• Esquire John Smith is a respected legal scholar. (Esquire is capitalized as a professional designation after a name.)
  • Luka Morales, Esq., wrote a book on constitutional law. (Esq. is capitalized as a professional designation after a name.)
  • The esquire addressed the audience with eloquence. (Esquire is not capitalized as a generic term.)
  • Judge Mary Jones presided over the trial. (Judge is capitalized as a title before a name.)
  • Luka Morales, judge of the Superior Court, issued a verdict. (Judge is not capitalized as a common noun after a name.)
  • The judge instructed the jury to deliberate. (Judge is not capitalized as a generic term.)
  • Justice Robert Smith delivered the majority opinion. (Justice is capitalized as a title before a name.)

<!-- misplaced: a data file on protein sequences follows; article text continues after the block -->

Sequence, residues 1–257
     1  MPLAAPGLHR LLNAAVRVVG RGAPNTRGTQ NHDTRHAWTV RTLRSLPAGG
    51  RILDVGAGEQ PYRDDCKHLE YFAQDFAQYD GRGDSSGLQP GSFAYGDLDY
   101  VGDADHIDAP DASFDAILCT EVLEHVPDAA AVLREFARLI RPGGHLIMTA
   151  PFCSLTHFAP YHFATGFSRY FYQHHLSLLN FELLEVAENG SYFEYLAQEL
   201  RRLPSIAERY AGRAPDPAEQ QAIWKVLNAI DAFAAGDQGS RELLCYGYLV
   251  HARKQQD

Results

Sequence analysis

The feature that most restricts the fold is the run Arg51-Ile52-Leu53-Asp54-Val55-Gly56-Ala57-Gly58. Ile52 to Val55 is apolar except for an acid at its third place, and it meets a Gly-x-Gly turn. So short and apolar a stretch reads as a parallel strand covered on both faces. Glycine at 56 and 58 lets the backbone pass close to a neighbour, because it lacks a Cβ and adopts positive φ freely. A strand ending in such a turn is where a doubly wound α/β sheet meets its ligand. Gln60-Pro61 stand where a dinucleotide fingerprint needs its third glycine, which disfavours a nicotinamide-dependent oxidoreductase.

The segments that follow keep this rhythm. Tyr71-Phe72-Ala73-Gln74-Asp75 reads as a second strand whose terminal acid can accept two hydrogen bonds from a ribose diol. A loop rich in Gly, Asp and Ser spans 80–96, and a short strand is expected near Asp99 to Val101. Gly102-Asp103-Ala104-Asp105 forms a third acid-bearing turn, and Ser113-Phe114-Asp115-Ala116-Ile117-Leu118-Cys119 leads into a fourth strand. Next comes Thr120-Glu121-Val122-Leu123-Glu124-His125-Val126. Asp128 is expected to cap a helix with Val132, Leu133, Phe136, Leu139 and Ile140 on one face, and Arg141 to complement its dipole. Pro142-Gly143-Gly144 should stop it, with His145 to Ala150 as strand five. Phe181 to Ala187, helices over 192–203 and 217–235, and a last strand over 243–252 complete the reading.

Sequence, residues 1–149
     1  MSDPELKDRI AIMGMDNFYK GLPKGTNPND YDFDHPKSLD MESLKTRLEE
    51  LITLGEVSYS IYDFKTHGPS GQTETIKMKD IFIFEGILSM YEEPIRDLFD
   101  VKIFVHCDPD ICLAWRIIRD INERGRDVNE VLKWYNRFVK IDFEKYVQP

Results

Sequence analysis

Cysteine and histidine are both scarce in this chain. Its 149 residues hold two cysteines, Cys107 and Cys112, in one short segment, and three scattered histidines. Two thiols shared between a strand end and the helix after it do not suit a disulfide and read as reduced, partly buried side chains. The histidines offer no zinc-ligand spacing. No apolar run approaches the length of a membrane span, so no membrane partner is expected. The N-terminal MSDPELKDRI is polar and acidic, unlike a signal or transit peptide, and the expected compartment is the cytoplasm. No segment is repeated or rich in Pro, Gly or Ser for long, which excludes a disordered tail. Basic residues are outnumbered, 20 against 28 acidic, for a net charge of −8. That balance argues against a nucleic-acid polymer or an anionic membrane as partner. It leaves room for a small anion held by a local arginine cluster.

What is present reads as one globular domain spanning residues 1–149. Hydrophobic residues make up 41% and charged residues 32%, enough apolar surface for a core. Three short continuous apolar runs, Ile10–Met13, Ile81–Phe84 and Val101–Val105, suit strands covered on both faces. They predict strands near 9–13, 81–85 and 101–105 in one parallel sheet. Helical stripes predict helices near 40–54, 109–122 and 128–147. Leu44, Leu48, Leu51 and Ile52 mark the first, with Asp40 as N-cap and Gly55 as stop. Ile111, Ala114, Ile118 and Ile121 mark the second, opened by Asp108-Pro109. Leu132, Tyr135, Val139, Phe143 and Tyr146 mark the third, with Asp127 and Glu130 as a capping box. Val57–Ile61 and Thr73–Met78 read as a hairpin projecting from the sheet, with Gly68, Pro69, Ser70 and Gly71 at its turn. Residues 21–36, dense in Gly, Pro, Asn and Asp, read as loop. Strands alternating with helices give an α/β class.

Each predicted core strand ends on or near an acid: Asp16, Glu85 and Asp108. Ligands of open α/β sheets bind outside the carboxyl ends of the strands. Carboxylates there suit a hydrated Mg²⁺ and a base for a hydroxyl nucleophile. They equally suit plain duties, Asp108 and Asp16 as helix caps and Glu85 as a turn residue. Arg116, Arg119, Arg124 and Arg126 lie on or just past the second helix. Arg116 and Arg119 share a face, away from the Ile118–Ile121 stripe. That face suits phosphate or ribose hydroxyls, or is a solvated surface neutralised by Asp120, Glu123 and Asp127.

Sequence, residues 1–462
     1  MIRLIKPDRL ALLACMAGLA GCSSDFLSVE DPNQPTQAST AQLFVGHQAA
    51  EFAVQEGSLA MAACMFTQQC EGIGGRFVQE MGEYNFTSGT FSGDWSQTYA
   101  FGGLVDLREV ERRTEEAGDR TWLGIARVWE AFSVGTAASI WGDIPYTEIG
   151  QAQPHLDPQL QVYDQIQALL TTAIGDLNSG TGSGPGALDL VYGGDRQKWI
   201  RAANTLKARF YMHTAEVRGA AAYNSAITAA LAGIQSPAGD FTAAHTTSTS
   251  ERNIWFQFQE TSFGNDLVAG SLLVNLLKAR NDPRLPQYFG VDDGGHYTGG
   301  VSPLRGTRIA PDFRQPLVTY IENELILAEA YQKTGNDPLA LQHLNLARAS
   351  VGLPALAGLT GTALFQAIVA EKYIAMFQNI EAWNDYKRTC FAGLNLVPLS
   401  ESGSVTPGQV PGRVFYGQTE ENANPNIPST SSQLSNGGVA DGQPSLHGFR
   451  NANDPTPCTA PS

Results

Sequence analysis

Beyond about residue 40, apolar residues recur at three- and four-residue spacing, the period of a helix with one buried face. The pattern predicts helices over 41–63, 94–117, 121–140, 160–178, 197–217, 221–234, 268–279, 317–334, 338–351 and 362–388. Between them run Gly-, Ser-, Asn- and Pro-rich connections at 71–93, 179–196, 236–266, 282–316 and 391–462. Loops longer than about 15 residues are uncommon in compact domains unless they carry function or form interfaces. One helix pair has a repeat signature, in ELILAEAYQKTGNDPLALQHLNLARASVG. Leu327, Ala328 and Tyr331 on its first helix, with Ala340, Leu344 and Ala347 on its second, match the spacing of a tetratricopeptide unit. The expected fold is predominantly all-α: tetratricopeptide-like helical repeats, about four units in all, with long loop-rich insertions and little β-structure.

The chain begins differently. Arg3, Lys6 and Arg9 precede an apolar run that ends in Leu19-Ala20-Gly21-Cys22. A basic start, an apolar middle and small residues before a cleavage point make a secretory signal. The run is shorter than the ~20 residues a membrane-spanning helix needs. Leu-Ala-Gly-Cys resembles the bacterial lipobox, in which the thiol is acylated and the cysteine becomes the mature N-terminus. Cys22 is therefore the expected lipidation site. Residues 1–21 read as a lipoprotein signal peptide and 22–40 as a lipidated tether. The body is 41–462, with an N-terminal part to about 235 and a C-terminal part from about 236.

• Luka Morales, a justice of the Supreme Court, dissented. (Justice is not capitalized as a common noun after a name.)
  • The justice explained the reasoning behind the decision. (Justice is not capitalized as a generic term.)

Tips and Tricks to Avoid Mistakes and Confusion

Capitalizing attorney and other legal titles can be tricky and confusing, especially when there are different style guides and preferences involved.

Here are some tips and tricks to help you avoid mistakes and confusion:

  • Check the style guide or the preference of the publication, the organization, or the person you are writing for. Different style guides and preferences may have different rules and guidelines for capitalizing attorney and other legal titles. For example, the Associated Press Stylebook has different rules than the Chicago Manual of Style. If you are not sure, ask for clarification or follow the most common and consistent practice.